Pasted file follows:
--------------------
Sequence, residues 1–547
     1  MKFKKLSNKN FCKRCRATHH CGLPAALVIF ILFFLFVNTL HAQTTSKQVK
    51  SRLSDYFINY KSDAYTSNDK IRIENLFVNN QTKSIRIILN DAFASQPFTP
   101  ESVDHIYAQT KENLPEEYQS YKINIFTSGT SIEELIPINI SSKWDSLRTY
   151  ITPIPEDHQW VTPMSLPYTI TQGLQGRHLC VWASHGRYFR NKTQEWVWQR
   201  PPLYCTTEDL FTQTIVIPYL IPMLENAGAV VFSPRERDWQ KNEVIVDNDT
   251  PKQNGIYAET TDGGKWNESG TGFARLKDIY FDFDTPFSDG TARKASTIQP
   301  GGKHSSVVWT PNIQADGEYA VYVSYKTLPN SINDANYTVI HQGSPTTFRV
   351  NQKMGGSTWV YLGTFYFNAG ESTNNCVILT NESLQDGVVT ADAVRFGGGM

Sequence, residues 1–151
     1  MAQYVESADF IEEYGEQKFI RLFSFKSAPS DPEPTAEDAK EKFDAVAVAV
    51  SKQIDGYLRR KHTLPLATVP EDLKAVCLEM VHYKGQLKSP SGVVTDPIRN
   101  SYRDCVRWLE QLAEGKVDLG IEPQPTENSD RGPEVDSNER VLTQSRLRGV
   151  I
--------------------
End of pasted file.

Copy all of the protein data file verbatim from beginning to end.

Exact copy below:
Sequence, residues 1–547
     1  MKFKKLSNKN FCKRCRATHH CGLPAALVIF ILFFLFVNTL HAQTTSKQVK
    51  SRLSDYFINY KSDAYTSNDK IRIENLFVNN QTKSIRIILN DAFASQPFTP
   101  ESVDHIYAQT KENLPEEYQS YKINIFTSGT SIEELIPINI SSKWDSLRTY
   151  ITPIPEDHQW VTPMSLPYTI TQGLQGRHLC VWASHGRYFR NKTQEWVWQR
   201  PPLYCTTEDL FTQTIVIPYL IPMLENAGAV VFSPRERDWQ KNEVIVDNDT
   251  PKQNGIYAET TDGGKWNESG TGFARLKDIY FDFDTPFSDG TARKASTIQP
   301  GGKHSSVVWT PNIQADGEYA VYVSYKTLPN SINDANYTVI HQGSPTTFRV
   351  NQKMGGSTWV YLGTFYFNAG ESTNNCVILT NESLQDGVVT ADAVRFGGGM

Sequence, residues 1–151
     1  MAQYVESADF IEEYGEQKFI RLFSFKSAPS DPEPTAEDAK EKFDAVAVAV
    51  SKQIDGYLRR KHTLPLATVP EDLKAVCLEM VHYKGQLKSP SGVVTDPIRN
   101  SYRDCVRWLE QLAEGKVDLG IEPQPTENSD RGPEVDSNER VLTQSRLRGV
   151  I